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Chapter 3 The Biosphere.

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Presentation on theme: "Chapter 3 The Biosphere."— Presentation transcript:

1 Chapter 3 The Biosphere


3 Section 3-1 What is Ecology?

4 Interactions & Interdependence
Ecology –the study of interactions among orgs. & between orgs. & their env., or surroundings. The term ecology comes from the Greek word oikos, meaning “house”. Our world is a household made of many houses. The largest of these houses is the biosphere.

5 Biosphere –the part of Earth in which life exists including land, water, & air or the atmosphere.

6 Levels of Organization
There are many levels of organization that ecologists study. You have: Species Population Community Ecosystem Biome Biosphere

7 Species –a group of orgs so similar to one another that they can breed & produce fertile offspring.
Population –groups of individuals that belong to the same species & live in the same area. Communities –groups of different populations that live together in a defined area.

8 Ecosystem –a collection of all the orgs
Ecosystem –a collection of all the orgs. that live in a particular place, together w/ their nonliving or physical, env. Teams of ecologists may study larger systems called biomes. Biomes –a group of ecosystems that have the same climate & similar dominant communities.


10 The highest level of organization that ecologists study is the biosphere.

11 Ecological Methods Ecologists use a number of tools & techniques to study the living world. The 3 basic approaches they use: Observing (most common in Biology) Experimenting Modeling

12 Observing Experimenting Using your senses to gather data.
Often the 1st step in asking questions. Experimenting Used to test hypothesis. Can be done in a lab or in the field.

13 Modeling Models help us understand complex events such as:
Global warming Usually consists of mathematical formulas based on data collected through observation & experimentation.

14 Section 2 Energy Flow

15 Producers Without a constant input of energy, living systems can’t function. What is the main source of energy for life on Earth?

16 The Sun

17 Less than 1% of the sun’s E gets used by living things.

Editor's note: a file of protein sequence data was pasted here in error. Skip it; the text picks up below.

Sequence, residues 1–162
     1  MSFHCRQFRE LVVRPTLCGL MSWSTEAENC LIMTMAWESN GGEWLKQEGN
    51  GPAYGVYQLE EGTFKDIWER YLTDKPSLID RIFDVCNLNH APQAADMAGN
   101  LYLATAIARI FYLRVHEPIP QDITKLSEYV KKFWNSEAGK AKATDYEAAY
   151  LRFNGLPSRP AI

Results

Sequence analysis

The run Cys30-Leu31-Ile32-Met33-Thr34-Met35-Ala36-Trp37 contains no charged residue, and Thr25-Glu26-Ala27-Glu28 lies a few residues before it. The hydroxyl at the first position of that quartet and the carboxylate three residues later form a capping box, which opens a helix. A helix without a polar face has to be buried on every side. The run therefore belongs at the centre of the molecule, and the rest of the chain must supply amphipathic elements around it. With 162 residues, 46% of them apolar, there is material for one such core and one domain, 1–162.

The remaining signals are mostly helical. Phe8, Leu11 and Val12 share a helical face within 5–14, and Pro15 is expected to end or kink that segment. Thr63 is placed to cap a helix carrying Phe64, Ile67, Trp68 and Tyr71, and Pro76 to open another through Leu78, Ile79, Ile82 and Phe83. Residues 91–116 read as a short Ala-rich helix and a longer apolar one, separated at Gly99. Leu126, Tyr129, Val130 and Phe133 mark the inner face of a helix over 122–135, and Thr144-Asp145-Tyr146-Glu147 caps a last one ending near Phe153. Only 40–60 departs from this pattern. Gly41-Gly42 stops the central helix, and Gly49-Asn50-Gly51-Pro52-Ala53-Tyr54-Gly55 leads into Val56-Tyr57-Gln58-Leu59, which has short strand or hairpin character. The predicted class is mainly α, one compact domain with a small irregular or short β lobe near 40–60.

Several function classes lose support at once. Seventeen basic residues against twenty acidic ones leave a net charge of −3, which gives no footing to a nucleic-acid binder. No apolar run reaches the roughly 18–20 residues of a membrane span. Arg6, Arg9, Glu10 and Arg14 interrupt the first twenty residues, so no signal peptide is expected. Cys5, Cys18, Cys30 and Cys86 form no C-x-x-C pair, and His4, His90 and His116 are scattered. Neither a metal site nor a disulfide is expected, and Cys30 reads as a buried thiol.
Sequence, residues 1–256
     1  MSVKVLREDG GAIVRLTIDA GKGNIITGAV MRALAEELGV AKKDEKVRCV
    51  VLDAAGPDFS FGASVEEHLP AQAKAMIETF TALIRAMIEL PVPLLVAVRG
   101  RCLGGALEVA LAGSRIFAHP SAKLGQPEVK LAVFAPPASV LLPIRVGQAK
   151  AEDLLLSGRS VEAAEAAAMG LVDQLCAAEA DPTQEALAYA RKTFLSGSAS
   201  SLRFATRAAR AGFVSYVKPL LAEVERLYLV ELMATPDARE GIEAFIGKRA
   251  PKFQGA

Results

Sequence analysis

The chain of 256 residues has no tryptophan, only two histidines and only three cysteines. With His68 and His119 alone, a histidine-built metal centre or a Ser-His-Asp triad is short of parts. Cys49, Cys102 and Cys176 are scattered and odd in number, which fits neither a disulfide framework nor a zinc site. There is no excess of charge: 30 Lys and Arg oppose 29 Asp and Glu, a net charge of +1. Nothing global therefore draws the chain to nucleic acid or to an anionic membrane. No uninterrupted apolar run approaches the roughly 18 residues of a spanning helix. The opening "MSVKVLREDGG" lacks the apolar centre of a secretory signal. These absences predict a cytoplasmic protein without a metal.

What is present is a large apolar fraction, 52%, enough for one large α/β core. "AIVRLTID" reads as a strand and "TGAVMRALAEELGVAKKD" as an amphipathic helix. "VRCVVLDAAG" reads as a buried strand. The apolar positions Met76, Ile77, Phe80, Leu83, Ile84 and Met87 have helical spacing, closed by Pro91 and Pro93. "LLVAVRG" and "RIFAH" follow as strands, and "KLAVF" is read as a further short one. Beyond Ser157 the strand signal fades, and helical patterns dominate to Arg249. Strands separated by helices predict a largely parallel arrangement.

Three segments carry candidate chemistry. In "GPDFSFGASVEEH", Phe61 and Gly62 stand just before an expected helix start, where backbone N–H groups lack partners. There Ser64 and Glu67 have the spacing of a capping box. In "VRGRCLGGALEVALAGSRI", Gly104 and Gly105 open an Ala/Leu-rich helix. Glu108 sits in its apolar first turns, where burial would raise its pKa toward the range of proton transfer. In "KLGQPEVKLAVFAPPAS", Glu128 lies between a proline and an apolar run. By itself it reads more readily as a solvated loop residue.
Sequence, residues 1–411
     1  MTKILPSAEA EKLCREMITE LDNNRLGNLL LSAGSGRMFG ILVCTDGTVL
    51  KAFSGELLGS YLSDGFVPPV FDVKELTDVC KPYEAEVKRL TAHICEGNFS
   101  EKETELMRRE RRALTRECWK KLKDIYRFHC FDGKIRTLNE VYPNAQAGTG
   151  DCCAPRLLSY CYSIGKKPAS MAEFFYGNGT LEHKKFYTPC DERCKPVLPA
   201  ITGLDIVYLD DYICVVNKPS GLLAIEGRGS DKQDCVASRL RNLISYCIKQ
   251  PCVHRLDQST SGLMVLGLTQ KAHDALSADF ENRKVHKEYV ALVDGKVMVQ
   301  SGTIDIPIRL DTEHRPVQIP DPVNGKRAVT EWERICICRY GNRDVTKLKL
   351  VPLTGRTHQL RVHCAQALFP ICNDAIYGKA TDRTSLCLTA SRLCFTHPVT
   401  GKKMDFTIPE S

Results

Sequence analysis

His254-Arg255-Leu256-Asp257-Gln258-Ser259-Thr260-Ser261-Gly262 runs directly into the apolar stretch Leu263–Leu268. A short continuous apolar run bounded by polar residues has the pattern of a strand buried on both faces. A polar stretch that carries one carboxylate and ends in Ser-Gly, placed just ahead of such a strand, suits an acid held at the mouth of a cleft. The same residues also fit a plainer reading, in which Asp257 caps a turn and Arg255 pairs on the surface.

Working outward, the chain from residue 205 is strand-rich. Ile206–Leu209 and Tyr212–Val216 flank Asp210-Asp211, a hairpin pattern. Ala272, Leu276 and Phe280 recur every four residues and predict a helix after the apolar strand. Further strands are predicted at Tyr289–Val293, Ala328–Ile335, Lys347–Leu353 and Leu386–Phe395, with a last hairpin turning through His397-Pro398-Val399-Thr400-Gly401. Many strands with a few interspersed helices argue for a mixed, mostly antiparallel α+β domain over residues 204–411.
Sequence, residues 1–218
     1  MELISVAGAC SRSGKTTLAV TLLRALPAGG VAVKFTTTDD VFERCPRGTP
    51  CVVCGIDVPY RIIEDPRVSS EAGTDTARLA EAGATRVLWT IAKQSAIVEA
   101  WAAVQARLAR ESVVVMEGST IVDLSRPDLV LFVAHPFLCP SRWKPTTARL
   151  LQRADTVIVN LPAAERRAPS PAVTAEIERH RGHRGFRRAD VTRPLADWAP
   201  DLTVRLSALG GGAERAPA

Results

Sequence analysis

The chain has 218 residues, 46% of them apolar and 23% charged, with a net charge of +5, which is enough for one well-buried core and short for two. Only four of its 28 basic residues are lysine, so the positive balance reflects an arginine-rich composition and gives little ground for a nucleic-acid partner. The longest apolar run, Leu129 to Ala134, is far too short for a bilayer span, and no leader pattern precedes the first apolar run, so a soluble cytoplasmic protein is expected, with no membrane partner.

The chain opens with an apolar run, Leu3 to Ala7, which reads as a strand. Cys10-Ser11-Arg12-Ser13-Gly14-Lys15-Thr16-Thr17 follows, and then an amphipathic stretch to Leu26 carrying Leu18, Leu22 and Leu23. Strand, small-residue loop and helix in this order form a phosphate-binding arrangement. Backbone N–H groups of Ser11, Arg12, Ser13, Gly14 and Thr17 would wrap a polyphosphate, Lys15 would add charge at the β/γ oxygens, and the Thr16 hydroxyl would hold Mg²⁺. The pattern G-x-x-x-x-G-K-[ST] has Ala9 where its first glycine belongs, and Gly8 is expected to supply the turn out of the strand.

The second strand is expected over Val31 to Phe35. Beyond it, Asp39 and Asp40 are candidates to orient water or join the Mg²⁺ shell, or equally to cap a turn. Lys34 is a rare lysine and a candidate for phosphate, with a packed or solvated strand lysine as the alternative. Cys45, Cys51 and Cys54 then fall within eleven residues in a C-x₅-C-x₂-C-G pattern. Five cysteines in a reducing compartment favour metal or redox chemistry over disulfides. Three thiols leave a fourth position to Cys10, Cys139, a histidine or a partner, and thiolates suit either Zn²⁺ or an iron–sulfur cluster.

In a few ecosystems, some orgs. obtain E from a source other than sunlight. Those orgs. rely on E stored in inorganic chemical compounds.

18 Plants, algae, & certain bacteria capture E from sunlight or chemicals to produce food.
They are called autotrophs. Autotrophs –orgs. that capture E from sunlight or chemicals & use it to make their own food from inorganic compounds. AKA producers.

19 Producers: Can capture E from the sun or chemical energy. Ex:
Plants, algae, some bacteria. Fig. 3-4

20 Produce Section

21 Energy from the Sun Photosynthesis –process by which plants & some other orgs. use light E to convert H2O & CO2 into O & carbs such as: starches & sugars Fig. 3-2 This process takes in CO2 & releases O2.


23 Life W/out Light Some autotrophs can make E w/out sunlight.
They rely on E held in the chemical bonds found in inorganic molecules. Ex: hydrogen sulfide This process is called chemosynthesis.

24 Hydrothermal Vent

25 Bacteria living under glaciers

26 Consumers Many orgs. Can’t harness the sun for E.
Ex: animals, fungi, & most bacteria The only way these orgs. get E is by eating something. These orgs. are called heterotrophs. Heterotrophs are consumers.

27 There are many different types of consumers:
Herbivores Eat only plants Ex: cows, deer, caterpillars Carnivores Eat other consumers Ex: snakes, dogs, owls Omnivores Eat both animals & plants Ex: humans, bears, crows Detritivores Feed on plant & animal remains & other dead matter, collectively called detritus. Ex: mites, earthworms, snails, crabs Decomposers Break down organic matter Ex: bacteria & fungi

28 Feeding Relationships
Food Chains Food webs Trophic levels

29 Food chain –a series of steps in an ecosystem in which orgs
Food chain –a series of steps in an ecosystem in which orgs. transfer E by eating & being eaten.

30 Food Chain

31 Food Web – a network of feeding relationships among the various orgs
Food Web – a network of feeding relationships among the various orgs. in an ecosystem.

32 Food Web

33 Trophic Level –each step in a food web or food chain.
Producers make up the 1st level. Consumers make up the higher levels. Every consumer depends on the trophic level below it for E.

34 Ecological Pyramids Ecological pyramid –a diagram that shows the relative amounts of E or matter contained w/in each trophic level. 3 types: E pyramid Biomass pyramid Pyramid of numbers

35 E pyramid: Only about 10% of the E available w/in one trophic level is transferred to orgs in the next level. Much E is lost as heat in the env.

36 Biomass Pyramid: Shows the total amount of living tissue w/in a given trophic level. Expressed in terms of grams of organic matter per unit area. Represents the amount of potential food at each trophic level.

37 Pyramid of Numbers: Shows us the number of individual orgs at each trophic level. P. 73, fig. 3-9

38 Ecological Pyramids Biomass Pyramid Represents the amount of
living organic matter at each trophic level. Typically, the greatest biomass is at the base of the pyramid. Energy Pyramid Shows the relative amount of energy available at each trophic level. Organisms use about 10 percent of this energy for life processes. The rest is lost as heat. Pyramid of Numbers Shows the relative number of individual organisms at each trophic level.

39 Section 3 Cycles of Matter

40 CO2 in Atmosphere CO2 in Ocean

41 N2 in Atmosphere NO3- and NO2- NH3

42 Condensation Precipitation Transpiration Evaporation Runoff Seepage Root Uptake

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